How Can Lebanon Survive the Syria Crisis?

Today, June 16, 2013, parliamentary elections were supposed to be held in Lebanon. Instead, after political parties failed to reach an agreement on an electoral law, they were postponed for 17 months under the pretext of avoiding a political vacuum.

Lebanese decision makers favored a fake sense of stability over democracy. The current "wait and see" policy until a Syria resolution is reached will only exacerbate Lebanon's fragile position. The inflow of refugees to Lebanon will increase, economic conditions will worsen, the security landscape will deteriorate, and political gridlock will persist.

This is why it is urgent that Lebanese, leaders and citizens, actively think of ways to shield Lebanon from the Syrian crisis.

The future of Lebanon depends on the ability of Lebanese to compromise and reach an agreement to safeguard the country during this critical phase.

There are three ways to enable compromise and build consensus in Lebanon.

The first option is a foreign-brokered compromise. Foreign countries, such as the United States, France, Saudi Arabia or others could sponsor an agreement around elections and stability. This would be similar to the foreign backed 1989 Taef Agreement, which ended the fifteen year Lebanese civil war, and the 2008 Doha Agreement, which ended an eighteen month political crisis.

Unfortunately, Lebanon's stability does not seem to be a top priority for international powers. They seem to tie Lebanon's future directly to the success of their resolution efforts in Syria. In this circumstance, enlisting the help of foreign mediators will require local politicians to actively pursue diplomatic channels and plead their help to shield Lebanon from regional developments.

Geopolitics and external forces are key determinants of internal Lebanese dynamics. However, there are domestic driving factors that should not be underestimated.

The second option is a grass-root driven compromise. Imagine a true national public movement pressuring politicians to come together. It would be a grass-root, all citizens-included movement forcing the political class to bridge party and sectarian lines and meet their responsibility to protect Lebanon. Lebanese citizens who traditionally have taken on the role of followers have the opportunity to be leaders and shape a new political narrative.

Citizens and civil society will need to mobilize, organize and break from traditional political patterns. They should shift the Lebanese political debate from the anti-Assad March 14 coalition versus the pro-Assad March 8 coalition to a choice between conflict and stability; auto-destruction and survival.

The third option is a voluntary national reconciliation approach. The national dialogue roundtable called by caretaker Prime Minister Najib Mikati could provide the right platform for such an initiative. But in order for it to succeed and avoid the failure of the dozens of national roundtables Lebanon witnessed in the past eight years there is merit in considering new methods to facilitate dialogue.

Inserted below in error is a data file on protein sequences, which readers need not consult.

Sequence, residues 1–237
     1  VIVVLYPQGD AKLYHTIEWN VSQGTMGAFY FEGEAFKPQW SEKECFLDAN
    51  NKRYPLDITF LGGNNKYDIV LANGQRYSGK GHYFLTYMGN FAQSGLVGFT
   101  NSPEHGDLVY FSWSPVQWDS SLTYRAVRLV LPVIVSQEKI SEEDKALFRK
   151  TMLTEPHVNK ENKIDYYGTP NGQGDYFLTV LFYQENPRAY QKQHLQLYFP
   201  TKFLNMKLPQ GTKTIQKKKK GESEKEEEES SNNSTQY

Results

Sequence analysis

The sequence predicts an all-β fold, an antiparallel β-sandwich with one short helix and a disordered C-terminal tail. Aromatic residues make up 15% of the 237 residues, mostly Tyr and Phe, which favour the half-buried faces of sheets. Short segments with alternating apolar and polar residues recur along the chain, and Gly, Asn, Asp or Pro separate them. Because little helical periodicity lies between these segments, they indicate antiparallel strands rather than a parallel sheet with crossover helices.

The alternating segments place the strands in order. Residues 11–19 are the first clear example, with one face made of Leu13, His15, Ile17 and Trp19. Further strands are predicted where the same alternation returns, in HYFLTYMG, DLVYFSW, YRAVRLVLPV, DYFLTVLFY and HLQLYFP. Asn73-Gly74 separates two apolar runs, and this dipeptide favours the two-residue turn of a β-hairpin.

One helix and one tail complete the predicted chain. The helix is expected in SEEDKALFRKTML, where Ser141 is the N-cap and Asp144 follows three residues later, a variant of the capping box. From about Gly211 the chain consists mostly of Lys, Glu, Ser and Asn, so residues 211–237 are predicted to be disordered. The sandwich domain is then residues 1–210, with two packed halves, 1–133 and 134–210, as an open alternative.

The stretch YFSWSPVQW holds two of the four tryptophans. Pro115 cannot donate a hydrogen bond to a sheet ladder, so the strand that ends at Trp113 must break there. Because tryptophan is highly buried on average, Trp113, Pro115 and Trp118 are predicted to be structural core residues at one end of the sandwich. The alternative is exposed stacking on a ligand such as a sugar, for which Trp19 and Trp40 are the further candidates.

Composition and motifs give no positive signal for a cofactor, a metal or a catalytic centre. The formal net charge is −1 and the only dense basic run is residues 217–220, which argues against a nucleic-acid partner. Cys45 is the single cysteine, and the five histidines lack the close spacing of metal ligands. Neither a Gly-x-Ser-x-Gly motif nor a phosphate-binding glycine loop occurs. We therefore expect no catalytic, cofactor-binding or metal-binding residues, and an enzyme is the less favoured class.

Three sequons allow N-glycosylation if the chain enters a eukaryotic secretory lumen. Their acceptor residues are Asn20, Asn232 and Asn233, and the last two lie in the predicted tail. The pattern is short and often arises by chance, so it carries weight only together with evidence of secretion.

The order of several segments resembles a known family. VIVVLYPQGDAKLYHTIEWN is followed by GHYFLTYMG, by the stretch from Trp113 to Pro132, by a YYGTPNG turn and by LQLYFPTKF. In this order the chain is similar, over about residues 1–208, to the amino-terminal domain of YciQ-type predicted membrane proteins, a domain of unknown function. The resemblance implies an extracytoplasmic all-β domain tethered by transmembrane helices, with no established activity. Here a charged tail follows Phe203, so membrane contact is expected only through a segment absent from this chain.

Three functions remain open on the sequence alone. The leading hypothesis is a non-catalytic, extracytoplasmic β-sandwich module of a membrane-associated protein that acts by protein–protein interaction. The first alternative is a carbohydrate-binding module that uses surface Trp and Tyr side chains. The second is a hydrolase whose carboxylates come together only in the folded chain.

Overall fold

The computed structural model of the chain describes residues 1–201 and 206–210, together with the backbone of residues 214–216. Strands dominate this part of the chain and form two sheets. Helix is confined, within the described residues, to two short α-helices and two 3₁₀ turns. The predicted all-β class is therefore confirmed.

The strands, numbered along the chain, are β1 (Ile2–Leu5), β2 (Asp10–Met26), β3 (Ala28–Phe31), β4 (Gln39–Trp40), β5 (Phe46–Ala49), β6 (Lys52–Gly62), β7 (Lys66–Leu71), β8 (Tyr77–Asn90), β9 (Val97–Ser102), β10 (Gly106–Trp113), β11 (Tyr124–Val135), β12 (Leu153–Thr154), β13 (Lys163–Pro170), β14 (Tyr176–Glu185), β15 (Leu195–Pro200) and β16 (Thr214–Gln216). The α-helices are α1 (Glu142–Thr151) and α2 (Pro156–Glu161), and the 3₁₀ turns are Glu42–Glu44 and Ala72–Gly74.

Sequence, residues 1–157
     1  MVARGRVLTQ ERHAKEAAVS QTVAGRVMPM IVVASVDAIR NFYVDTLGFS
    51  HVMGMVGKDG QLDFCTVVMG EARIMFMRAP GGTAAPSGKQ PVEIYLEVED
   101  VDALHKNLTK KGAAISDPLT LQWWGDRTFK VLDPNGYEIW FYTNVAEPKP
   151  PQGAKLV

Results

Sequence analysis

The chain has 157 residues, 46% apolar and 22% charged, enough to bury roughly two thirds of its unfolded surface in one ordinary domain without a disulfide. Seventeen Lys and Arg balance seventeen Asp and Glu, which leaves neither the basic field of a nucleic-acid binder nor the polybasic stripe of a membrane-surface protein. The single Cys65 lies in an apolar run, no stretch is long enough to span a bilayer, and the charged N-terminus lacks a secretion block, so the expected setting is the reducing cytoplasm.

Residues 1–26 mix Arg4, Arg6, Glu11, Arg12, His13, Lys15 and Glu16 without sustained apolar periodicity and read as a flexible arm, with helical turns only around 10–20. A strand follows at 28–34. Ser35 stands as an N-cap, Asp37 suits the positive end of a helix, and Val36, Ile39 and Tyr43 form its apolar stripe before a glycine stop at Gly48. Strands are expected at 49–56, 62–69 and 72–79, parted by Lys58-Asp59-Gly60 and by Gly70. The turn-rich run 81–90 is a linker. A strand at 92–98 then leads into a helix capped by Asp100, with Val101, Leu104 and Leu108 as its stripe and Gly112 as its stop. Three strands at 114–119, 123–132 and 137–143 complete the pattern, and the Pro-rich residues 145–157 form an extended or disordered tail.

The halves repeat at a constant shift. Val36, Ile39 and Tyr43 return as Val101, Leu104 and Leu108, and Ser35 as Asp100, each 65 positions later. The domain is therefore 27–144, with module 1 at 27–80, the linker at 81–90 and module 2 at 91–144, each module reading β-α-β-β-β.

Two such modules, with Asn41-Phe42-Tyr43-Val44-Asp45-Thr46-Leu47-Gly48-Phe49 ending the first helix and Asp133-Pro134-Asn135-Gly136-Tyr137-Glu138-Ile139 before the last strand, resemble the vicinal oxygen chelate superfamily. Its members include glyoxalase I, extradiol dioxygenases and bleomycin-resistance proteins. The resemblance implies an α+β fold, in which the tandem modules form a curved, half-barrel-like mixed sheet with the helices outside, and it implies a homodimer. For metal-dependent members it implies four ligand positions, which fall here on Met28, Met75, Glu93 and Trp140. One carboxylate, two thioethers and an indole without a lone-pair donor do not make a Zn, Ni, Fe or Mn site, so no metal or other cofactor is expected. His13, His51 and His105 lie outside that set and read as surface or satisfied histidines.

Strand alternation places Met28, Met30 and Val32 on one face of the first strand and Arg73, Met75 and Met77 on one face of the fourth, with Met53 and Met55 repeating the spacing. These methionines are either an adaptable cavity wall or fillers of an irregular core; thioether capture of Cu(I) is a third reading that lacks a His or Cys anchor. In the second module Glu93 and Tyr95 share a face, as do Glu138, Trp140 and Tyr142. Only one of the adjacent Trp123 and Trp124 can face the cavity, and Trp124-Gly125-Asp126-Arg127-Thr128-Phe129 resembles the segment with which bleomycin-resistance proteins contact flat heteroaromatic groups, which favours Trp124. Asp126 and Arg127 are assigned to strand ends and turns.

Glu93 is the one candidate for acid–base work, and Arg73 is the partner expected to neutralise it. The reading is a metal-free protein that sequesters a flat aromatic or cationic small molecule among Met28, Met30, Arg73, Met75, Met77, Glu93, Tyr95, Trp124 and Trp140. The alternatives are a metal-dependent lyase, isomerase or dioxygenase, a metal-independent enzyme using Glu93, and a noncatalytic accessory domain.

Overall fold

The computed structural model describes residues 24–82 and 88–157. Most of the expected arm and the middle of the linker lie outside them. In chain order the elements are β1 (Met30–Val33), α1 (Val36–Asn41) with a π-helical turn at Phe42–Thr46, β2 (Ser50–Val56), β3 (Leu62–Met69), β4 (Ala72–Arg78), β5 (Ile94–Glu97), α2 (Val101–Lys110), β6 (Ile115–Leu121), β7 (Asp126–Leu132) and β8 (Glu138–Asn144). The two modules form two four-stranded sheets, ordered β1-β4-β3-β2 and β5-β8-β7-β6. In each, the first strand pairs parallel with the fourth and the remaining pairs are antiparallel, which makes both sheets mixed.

According to Donna Hicks, a conflict-resolution specialist at the Weatherhead Center for International Affairs at Harvard University, the biggest barrier to resolving conflicts is anchored in an emotional undercurrent to any political conversation that is so powerful it derails all productive solutions. Each party considers its dignity violated by others which hijacks most political dialogues.

In the Lebanese context, the Christian community feels marginalized. Shiites have long felt neglected during Lebanon's civil war and Israel's occupation of the South of Lebanon. The Sunni community has been feeling targeted since the assassination of several of its leaders starting in 2005. And the list goes on, and the nuances are stark amongst political parties and individuals.

All Lebanese factions need to move away from auto-victimization tendencies and self-centered points of views and take into account the perspective of others.

This is why incorporating Donna Hick's approach to dignity should be a preliminary requirement to the national dialogue roundtable called by Najib Mikati. It involves Muslims and Christians, March 14 and March 8, old and new rivals to start acknowledging their respective mistakes towards each other and genuinely commit to mutual change.

While idealistic and unlikely to some, this remains a realistic option to achieve a productive outcome out of the national dialogue roundtable.

In summary, a foreign-brokered agreement, a grass-root movement calling for compromise, and a national dialogue roundtable facilitated by effective conflict resolution methods are all suggestions that hopefully provoke a constructive debate on how to protect Lebanon from the conflict in Syria and the wider region. A strategy pursuing all three paths at once may be Lebanon's best bet.

Responsibility for change in Lebanon lies first and foremost in the hands of its citizens and politicians. Now is the opportunity for Lebanese to pursue their collective interest and set an example to the rest of the Arab world. Georges Pierre Sassine is a Harvard Kennedy School alumnus. He is a political activist and writes about Lebanon's public policy issues at